Fluorapatite ("floater" specimen) /(slight color shift) / Locality - Greizer Hütte area, Zillertal (Ziller Valley), Tyrol, Austria


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Alpine Apatites are not terribly common, and are certainly one of the more desirable species for Alpine mineral collectors. This piece features somewhat thick, tabular hexagonal crystals of a soft lilac hue in fluorescent lighting and shows a slight color shift to more of a pale pinkish-rose hue in cool temperature LED lighting. The piece has a bit of internal "silk" and shows a very slight internal "cat's eye" effect when rotated in the light. Small modifying faces can be seen all over the specimens, and as you look on all sides you can see it's completely crystallized, making it a "floater" with no point of attachment. It's a wonderful, eye-catching thumbnail that would make a nice addition to any Apatite collection or a suite of Alpine minerals.

This piece comes to us from the Kay Robertson collection (#5406) with a rather ambiguous label. There is a bit of conflicting information, along with some dubious or erroneous information in terms of the locality. The given locality is "Kreuzerlütte(?) am Knappenkees", but I can't find a listing for anything close to this in any database. Additionally the label states that the piece is from the Zillertal in the Hohe Tauern, but the Zillertal is in the Tyrol, and the Hohe Tauern is in Salzburg.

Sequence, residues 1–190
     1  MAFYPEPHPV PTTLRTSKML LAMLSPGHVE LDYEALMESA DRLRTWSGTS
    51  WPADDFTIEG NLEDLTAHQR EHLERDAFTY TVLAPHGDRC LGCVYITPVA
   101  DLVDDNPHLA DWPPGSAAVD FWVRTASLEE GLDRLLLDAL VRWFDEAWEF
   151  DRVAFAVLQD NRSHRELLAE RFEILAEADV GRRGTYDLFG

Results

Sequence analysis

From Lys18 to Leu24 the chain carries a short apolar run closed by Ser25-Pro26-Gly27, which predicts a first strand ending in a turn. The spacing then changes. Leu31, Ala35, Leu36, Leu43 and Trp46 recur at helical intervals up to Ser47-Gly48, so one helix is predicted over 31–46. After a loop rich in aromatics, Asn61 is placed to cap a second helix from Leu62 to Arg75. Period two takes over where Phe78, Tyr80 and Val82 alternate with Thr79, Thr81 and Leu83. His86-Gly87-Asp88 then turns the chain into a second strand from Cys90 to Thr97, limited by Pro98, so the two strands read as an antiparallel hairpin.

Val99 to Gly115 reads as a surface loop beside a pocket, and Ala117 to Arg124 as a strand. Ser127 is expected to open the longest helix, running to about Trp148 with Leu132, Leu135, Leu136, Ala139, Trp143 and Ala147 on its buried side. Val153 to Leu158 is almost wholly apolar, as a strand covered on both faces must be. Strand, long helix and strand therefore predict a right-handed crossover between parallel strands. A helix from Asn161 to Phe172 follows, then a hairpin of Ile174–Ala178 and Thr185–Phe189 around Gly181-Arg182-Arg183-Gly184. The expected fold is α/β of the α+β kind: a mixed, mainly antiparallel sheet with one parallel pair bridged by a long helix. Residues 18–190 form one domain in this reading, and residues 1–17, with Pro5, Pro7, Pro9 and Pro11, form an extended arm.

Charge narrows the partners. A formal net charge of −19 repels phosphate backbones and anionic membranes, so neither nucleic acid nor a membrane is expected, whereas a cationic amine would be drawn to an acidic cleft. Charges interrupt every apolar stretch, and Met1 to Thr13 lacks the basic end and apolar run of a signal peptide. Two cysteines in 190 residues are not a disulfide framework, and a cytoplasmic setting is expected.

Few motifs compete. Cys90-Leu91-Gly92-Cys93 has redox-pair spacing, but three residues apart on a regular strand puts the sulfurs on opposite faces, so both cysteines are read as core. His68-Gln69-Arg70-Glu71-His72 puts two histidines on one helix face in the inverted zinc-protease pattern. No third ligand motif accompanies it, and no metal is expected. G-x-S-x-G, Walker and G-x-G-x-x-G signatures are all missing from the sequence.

**Note: I want to send a special thank you to Karl Hartmann of Vienna for providing the following information. Karl has informed us that due to the local dialect, the word Kreuzerlütte is most likely a reference to the Greizer Hütte area which is indeed in the Zillertal. The Hohe Tauern reference is most likely a simple mistake as some people erroneously believe that the Zillteral is in the Hohe Tauern, so much so that this information has even been printed on general maps at times. Lastly the work Knappenkees is possibly a reference to the Lappenkees (Lappen Glacier), which is technically is the next valley (the Stillupgrund), but the glacier could have possibly extended into the Zillertal several decades ago when the piece was discovered. Lastly, it should be noted that accurate locality information for Alpine minerals can be difficult at times as the stahlers (the miners who collect the material) will intentionally conceal the origin of certain specimens or outright lie and say they were found in completely different area to keep people away from their special digging spots.

ex Kay Robertson collection

Locality: Greizer Hütte area, Floitengrund (Floiten Valley), Zillertal (Ziller Valley), Tyrol, Austria

Specimen Size: 2.3 x 2.1 x 1.1 cm (thumbnail)

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